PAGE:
A Review of Adverse Events Related to Prostatic Artery Embolization for Treatment of Bladder Outlet Obstruction Due to BPH
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Minimally invasive procedures have gained great importance among the treatments for benign prostate hyperplasia (BPH) due to their low morbidity. Prostate artery embolization has emerged as a safe and effective alternative for patients with large volume BPH, not suited for surgery.
Materials and Methods
Low adverse events rates have been reported following prostate artery embolization and may include dysuria, urinary infection, hematuria, hematospermia, acute urinary retention and rectal bleeding. Although most complaints are reported as side effects, complications can also be superimposed.
The prostate gland is the most common source of complaints following PAE, where the inflammatory process can create a large variety of localized symptoms. Periprostatic organs and structures such as bladder, rectum, penis, seminal vesicle, pelvis, bones and skin may be damaged by nontarget embolization, especially due to the misidentification of the normal vascular anatomy and variants or due to inadvertent embolic reflux. Radiodermatitis may also happen in case of small vessel size, atherosclerosis, the learning curve and long procedure or fluoroscopy times.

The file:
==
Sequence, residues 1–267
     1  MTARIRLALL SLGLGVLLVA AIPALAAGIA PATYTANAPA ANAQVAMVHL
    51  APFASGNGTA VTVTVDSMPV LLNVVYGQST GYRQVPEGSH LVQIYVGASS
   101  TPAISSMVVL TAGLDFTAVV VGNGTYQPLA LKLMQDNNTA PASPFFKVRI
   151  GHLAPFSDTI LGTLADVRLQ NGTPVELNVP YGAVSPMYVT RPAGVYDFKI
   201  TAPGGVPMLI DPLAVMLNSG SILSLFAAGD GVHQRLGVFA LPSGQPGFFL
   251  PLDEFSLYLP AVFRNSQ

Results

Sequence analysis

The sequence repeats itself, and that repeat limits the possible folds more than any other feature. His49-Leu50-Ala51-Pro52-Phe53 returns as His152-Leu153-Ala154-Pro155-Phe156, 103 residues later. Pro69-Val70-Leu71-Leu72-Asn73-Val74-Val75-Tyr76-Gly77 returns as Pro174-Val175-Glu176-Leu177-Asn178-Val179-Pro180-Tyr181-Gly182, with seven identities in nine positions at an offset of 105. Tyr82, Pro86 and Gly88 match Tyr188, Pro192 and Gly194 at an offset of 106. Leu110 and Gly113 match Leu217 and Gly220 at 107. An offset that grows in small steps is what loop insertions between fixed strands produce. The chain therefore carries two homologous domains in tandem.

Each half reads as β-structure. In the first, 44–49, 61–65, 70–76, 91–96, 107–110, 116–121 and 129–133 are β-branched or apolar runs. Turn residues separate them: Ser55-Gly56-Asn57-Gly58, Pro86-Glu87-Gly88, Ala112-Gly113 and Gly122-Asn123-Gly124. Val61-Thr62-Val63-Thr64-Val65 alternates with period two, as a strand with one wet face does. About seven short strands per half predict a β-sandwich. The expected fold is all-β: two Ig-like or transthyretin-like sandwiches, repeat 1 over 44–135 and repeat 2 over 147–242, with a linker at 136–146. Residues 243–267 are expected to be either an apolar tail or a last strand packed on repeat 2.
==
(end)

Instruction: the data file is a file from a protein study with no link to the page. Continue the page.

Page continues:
Regarding safety, it is pivotal to understand the pathophysiology of adverse events following PAE and their standardized reporting. The aim of this article is to discuss adverse events, their management and to review the current literature.
KeywordsProstatic hyperplasia Embolization Inflammation Adverse effect Complication Classification
Compliance with Ethical Standards
Conflict of interest
On behalf of all authors, the corresponding author states that there is no conflict of interest.
This article does not contain any studies with human participants or animals performed by any of the authors, and formal consent is not required.
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